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Thomas Gray

1716–1771. English poet. { Encyclopedia Britannica } { Thomas Gray Archive }

At a Glance

Jane of Lantern Hill (1)
Rilla of Ingleside (2)

Index to This Page

The Bard (1)
Elegy Written in a Country Church-Yard (1)
The Progress of Poesy: A Pindaric Ode (1)

The Bard: A Pindaric Ode (1757 poem)

“Fair laughs the Morn, and soft the Zephyr blows,
   “While proudly riding o’er the azure realm
“In gallant trim the gilded Vessel goes;
   “Youth on the prow, and Pleasure at the helm;
“Regardless of the sweeping Whirlwind’s sway,
“That, hushed in grim repose, expects his evening-prey.[”] (Lines 71–76)

Rilla of Ingleside, chapter 28 (“hushed in grim repose”).

Elegy Written in a Country Church-Yard (1751 poem)

Some village-Hampden, that with dauntless breast
   The little tyrant of his fields withstood;
Some mute inglorious Milton here may rest,
   Some Cromwell guiltless of his country’s blood. (Lines 57–60)

Jane of Lantern Hill, chapter 14 (“Behold a mute inglorious Milton in your dad”).

The Progress of Poesy: A Pindaric Ode (1757 poem)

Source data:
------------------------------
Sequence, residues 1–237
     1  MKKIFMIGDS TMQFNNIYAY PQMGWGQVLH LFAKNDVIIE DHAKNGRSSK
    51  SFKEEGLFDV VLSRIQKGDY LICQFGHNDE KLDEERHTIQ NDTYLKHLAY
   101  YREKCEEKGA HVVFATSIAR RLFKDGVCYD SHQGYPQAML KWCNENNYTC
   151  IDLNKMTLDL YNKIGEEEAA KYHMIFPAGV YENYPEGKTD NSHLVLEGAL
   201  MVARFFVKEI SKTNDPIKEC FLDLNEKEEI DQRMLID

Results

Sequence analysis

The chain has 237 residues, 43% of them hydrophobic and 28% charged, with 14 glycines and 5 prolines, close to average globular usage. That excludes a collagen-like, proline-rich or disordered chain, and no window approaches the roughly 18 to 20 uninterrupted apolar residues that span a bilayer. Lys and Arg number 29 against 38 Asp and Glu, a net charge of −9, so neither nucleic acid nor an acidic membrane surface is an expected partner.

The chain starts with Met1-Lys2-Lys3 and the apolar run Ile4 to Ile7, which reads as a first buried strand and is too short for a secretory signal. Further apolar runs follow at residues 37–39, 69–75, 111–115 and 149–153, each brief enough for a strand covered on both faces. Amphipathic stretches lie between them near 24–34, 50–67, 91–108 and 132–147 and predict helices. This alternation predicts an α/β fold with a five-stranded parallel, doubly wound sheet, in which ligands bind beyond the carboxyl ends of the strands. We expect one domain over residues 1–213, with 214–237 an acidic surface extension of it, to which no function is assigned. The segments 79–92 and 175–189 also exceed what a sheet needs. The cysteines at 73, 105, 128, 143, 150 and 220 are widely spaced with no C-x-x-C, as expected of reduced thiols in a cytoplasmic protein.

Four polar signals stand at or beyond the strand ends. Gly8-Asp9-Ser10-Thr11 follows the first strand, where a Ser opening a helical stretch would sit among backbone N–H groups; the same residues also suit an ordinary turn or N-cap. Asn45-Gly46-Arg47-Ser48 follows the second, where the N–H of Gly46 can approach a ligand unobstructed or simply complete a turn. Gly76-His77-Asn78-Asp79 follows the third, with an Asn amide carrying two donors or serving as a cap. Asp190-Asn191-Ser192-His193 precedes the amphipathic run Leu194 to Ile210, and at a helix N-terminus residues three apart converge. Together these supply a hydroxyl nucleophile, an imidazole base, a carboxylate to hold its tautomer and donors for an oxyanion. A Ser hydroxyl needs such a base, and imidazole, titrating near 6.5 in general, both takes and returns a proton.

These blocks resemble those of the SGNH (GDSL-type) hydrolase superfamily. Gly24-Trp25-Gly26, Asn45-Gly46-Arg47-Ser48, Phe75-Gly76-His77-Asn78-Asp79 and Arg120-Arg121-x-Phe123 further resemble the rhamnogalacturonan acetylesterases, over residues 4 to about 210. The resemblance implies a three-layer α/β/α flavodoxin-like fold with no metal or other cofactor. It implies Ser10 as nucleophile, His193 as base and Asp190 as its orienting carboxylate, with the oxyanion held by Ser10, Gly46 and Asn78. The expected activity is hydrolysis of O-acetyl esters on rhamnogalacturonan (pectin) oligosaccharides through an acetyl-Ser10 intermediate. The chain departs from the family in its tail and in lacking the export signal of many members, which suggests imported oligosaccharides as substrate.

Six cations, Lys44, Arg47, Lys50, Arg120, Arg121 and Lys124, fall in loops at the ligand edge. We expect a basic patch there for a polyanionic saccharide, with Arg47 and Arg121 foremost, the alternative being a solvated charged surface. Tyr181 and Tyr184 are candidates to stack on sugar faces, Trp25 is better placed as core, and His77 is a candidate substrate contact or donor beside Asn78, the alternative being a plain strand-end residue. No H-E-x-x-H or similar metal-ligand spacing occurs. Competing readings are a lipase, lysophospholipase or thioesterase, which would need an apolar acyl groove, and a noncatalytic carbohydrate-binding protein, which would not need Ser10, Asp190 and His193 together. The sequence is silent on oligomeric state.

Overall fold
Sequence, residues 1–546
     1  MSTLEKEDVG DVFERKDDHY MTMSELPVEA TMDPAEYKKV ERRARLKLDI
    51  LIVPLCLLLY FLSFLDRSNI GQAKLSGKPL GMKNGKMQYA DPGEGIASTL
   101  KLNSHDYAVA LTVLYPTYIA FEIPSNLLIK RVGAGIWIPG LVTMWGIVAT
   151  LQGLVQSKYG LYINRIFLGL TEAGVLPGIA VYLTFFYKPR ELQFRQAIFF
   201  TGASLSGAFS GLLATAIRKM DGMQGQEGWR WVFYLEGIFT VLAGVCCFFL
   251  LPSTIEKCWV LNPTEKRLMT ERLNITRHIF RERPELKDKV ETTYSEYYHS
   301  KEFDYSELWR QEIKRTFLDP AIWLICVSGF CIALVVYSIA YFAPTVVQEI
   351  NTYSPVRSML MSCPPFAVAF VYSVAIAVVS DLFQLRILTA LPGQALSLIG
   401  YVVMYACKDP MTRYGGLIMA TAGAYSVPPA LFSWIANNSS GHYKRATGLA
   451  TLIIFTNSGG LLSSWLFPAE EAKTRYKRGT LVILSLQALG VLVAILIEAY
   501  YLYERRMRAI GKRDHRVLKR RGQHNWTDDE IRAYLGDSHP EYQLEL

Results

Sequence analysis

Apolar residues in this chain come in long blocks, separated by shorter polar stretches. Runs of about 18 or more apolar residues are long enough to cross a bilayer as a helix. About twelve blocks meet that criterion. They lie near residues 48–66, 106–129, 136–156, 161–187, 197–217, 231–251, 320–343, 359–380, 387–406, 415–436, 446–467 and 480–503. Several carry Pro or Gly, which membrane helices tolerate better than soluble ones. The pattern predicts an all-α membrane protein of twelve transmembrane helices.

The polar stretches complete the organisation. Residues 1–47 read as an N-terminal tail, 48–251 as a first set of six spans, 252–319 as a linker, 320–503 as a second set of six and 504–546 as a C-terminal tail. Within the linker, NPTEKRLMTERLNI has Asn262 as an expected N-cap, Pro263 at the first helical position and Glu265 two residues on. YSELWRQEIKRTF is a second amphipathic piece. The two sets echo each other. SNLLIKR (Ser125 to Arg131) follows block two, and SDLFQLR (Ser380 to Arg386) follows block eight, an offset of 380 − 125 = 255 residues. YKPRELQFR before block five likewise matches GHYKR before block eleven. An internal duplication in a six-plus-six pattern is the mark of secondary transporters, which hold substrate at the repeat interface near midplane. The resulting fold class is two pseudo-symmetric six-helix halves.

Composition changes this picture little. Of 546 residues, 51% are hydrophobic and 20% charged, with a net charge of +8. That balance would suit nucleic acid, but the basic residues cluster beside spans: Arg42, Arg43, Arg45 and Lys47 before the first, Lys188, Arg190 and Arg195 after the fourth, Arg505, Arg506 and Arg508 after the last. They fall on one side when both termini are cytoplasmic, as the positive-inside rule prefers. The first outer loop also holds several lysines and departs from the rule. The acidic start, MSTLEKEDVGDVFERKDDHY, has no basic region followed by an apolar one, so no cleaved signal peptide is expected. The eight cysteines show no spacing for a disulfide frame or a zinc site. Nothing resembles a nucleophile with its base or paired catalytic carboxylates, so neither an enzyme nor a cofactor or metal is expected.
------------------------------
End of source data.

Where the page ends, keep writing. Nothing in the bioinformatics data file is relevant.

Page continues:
But ah! ’tis heard no more—
   Oh! Lyre divine, what daring Spirit
   Wakes thee now? tho’ he inherit
Nor the pride, nor ample pinion,
   That the Theban Eagle bear
Sailing with supreme dominion
   Thro’ the azure deep of air
; (Lines 110–17)

Rilla of Ingleside, chapter 26 (“‘With the majesty of pinion / Which the Theban eagles bear, / Sailing with supreme dominion / Through the azure fields of air’”).

Sources

Gray, Thomas. The Poetical Works of Thomas Gray. Edited by John Bradshaw. London: George Bell & Sons, 1891. Online at https://archive.org/details/worksofthomasgra00grayiala/.

“The Progress of Poesy: A Pindaric Ode,” pp. 13–20. “Elegy Written in a Country Church-Yard,” pp. 42–48. “The Bard: A Pindaric Ode,” pp. 21–31.